When Mayor Eric Adams of New York City announced on Tuesday a major push to remove people with severe, untreated mental illness from the streets, he waded into an issue that has for years been driving policy — and frustrating policymakers — in cities around the United States and the rest of the world.
Here is a snapshot of a few places where the authorities have been trying to recalibrate their support services for homeless people, including those with mental illnesses.
Mental health care for homeless people has been a legal quandary for more than a half-century in California, dating to a national shift toward deinstitutionalization and a 1967 law — signed by Ronald Reagan, then the state’s governor — that was intended to safeguard the civil rights of Californians who were mentally ill.
The state has spent tens of billions of dollars on homelessness, but efforts have been stymied both by neighborhoods that resist construction of shelters and supportive housing and by structural issues that, for example, make cities responsible for housing and sheltering homeless people, but put counties in charge of the public funding required to provide those who are mentally ill with continuing treatment.
A law signed this year by Gov. Gavin Newsom aims to force some severely mentally ill people into court-ordered treatment and housing, but it will only apply to about 12,000 people with schizophrenia and other serious psychotic disorders, not all of them homeless, and will not start until next year.
There are close to 42,000 homeless people in Los Angeles, a majority of them unsheltered, according to recent county data. About a quarter of homeless adults identified as having a serious mental illness, according to the report. Under a county-run program, psychiatrists work in the streets to connect unsheltered mentally ill homeless people to care.
Frustration over the city’s homelessness crisis has reached a boiling point. Officials have banned public camping at dozens of sites, as well as within 500 feet of schools and day care centers. City officials have also become increasingly willing to use police force to clear makeshift campsites, and the newly elected mayor, Karen Bass, has vowed to end them.
In San Francisco, a patchwork of programs offers those who are mentally ill and sleeping on the streets respite, shelter and treatment. But experts say that without enough medical workers or housing, those programs often fall dismally short of the need.
“There just isn’t enough of it,” said Margot Kushel, a physician and the director of the Benioff Homelessness and Housing Initiative, a research group that advises policymakers and is based at the University of California, San Francisco. “Without the housing, it all falls apart.”
In Chicago, homelessness is an endemic problem that has become more visible since the pandemic, particularly as encampments have grown under viaducts near Lake Michigan and in parks throughout the city.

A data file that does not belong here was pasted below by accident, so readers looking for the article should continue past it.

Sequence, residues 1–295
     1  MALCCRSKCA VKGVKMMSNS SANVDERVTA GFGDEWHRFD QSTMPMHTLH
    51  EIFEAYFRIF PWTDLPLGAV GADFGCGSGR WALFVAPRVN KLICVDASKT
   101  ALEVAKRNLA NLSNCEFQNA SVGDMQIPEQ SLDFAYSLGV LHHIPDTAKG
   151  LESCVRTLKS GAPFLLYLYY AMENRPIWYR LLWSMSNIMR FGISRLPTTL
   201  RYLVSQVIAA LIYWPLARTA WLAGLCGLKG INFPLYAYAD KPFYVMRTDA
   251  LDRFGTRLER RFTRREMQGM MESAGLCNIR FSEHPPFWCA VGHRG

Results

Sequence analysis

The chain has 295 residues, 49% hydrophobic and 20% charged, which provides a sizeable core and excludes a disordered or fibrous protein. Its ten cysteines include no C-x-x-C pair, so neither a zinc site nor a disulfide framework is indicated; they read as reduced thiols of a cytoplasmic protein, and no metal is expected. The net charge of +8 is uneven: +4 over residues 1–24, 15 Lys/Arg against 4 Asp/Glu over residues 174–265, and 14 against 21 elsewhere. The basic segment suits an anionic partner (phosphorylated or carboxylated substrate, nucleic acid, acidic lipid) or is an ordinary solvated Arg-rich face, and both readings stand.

But advocates for the homeless say that they have never heard of city employees — from the police department or elsewhere — sending homeless people to hospitals against their will in the manner that Mr. Adams laid out on Tuesday.
“The police are not looking to involuntarily hospitalize people who are not a danger to others,” said Debbie Pavick, chief clinical officer for Thresholds, a nonprofit behavioral health organization that works with homeless people.
Instead, city employees and nonprofit providers work to connect homeless people with services and housing. Thresholds deploys mobile teams of workers in vans to try to engage the homeless and help them to receive primary health care, mental health treatment and medication, among other services, Ms. Pavick said.
In Portland, concerns about homelessness and safety were at the center of recent campaigns for both local and state offices, and the city has now advanced a contentious plan to ban street camping, hoping eventually to direct people who do not have housing into a series of city-run tent sites.
The city has also moved to get more homeless people into mental health care. The region’s capacity for mental health services has long been strained. Two months ago, three hospital systems sued the state, saying that people who were civilly committed because they were a danger to themselves or others ended up languishing in hospitals for months instead of being placed in long-term treatment, such as at the state psychiatric hospital.
Tina Kotek, a Democrat who recently won the governor’s race, has vowed to pursue policies to build more housing, increase the number of people who work with homeless populations, and expand services for those experiencing a mental health crisis.
In East Asian cities, homelessness tends to be far less common than it is in the United States. But the problem does exist, and in some places it worsened during the pandemic as some of the working poor were unable afford housing in expensive real estate markets.
Hong Kong, a Chinese territory with high rates of inequality, is one of several East Asian cities where homeless people have for years sheltered in plain sight, including at 24-hour McDonald’s restaurants. The number of people registered as “street sleepers” in the territory roughly doubled over a seven-year period, to more than 1,500 last year, according to a government report — slightly more than the reported figure in